Former president of India wants to beam energy from space

November 3, 2010 by Amara D. Angelica

On Thursday November 4 at the National Press Club the National Space Society (NSS) will reveal a plan for solving the global energy crisis — along with the carbon crisis and America’s jobs crisis: the Kalam-NSS Energy Initiative (Dr. A.P.J. Kalam is the former President of India). This is a visionary, ambitious plan for harvesting solar power in space and beaming it down to Earth, turning America and India into net energy exporters.

The event is timed to President Barack Obama’s meeting with Indian Prime Minister Manmohan Singh November 7th and 8th. The two are committed to joint research and development on energy issues.

The press conference will be streamed live at 9:30 AM Eastern and archived for six months.

Dr. T.K. Alex, Director of the Indian Space Research Organization (ISRO) Satellite Centre, Bangalore (the ISRO has launched 50 satellites into space) and leader of the Chandrayan-1 project that discovered water on the moon, and John Mankins, a 25-year NASA veteran considered the world’s leading authority on space solar power, will present the details of the technology at the press conference.

The NSS also plans a joint Indian-American conference on space solar power at the Von Braun Center in Huntsville, Alabama, May 18-22.

Dr. Kalam served as president from 2002-2007, and is revered for his scientific and engineering achievements, including fathering the rockets that have launched almost all of India’s 50 satellites into space. He was awarded America’s highest engineering prize, the Hoover Medal, for using space technology to bring state-of-the-art health care to ordinary Indian citizens, including the citizens of remote rural areas. Dr. Kalam is the author of ten books, including Igniting Minds: Unleashing the Power Within India, India 2020: A Vision for the New Millennium, and Envisioning an Empowered Nation: Technology for Societal Transformation. In his book India 2020, he advocates turning India into a knowledge superpower.

According to Kalam, “By 2050, even if we use every available energy resource we have: clean and dirty, conventional and alternative, solar, wind, geothermal, nuclear, coal, oil, and gas, the world will fall short of the energy we need. There is an answer: a power source that produces no carbon emissions … that can reach to most distant villages of the world, and can turn both countries into net energy and technology exporters.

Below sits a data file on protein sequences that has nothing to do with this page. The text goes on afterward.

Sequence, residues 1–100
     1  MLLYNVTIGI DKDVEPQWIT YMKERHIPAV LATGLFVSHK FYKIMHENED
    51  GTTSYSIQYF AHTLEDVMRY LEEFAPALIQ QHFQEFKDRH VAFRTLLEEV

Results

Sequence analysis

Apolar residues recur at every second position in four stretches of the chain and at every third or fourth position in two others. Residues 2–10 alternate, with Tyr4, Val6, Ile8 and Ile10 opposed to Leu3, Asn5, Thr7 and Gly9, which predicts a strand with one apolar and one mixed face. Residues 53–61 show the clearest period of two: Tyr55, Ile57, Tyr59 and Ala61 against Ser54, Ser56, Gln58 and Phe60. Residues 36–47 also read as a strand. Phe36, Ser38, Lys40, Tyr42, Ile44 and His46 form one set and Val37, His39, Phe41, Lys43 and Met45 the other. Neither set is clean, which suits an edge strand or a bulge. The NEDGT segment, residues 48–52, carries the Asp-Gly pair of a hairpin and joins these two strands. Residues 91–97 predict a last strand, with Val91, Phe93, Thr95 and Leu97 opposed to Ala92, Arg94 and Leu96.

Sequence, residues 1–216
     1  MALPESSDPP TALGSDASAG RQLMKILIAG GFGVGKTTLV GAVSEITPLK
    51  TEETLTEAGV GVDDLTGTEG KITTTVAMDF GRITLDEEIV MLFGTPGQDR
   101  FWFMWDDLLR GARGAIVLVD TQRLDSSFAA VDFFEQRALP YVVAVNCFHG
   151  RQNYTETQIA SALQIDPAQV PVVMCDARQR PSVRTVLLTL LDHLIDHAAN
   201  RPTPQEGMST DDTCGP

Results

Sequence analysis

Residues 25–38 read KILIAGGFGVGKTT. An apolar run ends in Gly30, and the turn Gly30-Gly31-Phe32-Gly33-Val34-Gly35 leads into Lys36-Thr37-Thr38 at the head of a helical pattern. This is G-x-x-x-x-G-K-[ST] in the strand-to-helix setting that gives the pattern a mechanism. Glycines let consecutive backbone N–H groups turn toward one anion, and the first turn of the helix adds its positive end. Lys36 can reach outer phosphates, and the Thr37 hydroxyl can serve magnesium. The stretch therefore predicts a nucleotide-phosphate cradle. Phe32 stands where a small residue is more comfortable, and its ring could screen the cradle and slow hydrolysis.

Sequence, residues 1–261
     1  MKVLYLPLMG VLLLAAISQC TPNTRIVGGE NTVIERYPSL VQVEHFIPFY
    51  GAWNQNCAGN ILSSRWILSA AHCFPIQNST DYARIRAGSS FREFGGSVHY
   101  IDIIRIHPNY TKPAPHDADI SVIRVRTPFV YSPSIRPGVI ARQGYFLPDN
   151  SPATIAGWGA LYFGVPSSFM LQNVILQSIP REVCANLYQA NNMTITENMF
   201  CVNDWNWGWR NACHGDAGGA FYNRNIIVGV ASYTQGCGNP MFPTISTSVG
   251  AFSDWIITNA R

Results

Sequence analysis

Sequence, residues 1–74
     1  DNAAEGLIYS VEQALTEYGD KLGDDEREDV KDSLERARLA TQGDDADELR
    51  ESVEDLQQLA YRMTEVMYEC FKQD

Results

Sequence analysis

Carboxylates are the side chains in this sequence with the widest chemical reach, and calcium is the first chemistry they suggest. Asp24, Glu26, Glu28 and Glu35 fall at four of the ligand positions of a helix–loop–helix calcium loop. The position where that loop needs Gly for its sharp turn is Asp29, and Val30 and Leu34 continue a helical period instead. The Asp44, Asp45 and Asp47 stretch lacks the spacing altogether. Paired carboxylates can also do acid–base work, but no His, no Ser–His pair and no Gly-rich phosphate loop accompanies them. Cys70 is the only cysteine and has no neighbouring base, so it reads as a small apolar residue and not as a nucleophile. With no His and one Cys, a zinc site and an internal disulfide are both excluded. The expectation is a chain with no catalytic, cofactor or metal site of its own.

“I am convinced that harvesting solar power in space can bring India and United States of America together in whole new ways. And I am certain that harvesting solar power in space can upgrade the living standard of the human race.”

The need for such an initiative is clear. World electricity demand by the year 2035 is projected to increase by 87%, but renewable power generation systems (water, wind, solar, geothermal, etc.) will only meet 23% of that demand, according to the NSS. Space solar power will provide true energy independence for the nations that develop it, eliminating a major source of national competition for limited Earth-based energy resources.

Artist's impression of a rectenna, which converts beamed microwave energy from space into electrical power for distribution ©Mafic Studios

Sky’s no limit: Space-based Solar Power, the next major step in the Indo-US Strategic Partnership,” by U.S. Air Force futurist and NSS board of directors member Peter A. Garretson, recently published by India’s Institute for Defence Studies and Analyses (IDSA), lays out the case for the initiative. It represents 16 months of in-country research to examine the possibilities of Indo-US cooperation in space and renewable energy.

The paper examines the relevance of space-based solar power in the context of the Indo-US strategic partnership. After providing an overview of the concept and its significance to the compelling problems of sustainable growth, economic development, energy security and climate change, it evaluates the utility of the concept in the context of respective Indian and US political context and long-term energy-climate trajectories.

The paper examines multiple models of potential cooperation, and concludes that a bilateral initiative to develop space-based solar power is highly consistent with the objectives of the Indo-US strategic partnership, and  recommends an actionable three-tiered program to realize its potential.

Top image: Artist’s impression of space solar power antenna in orbit ©Mafic Studios

Full disclosure: I am a member of the board of directors of NSS – Amara D. Angelica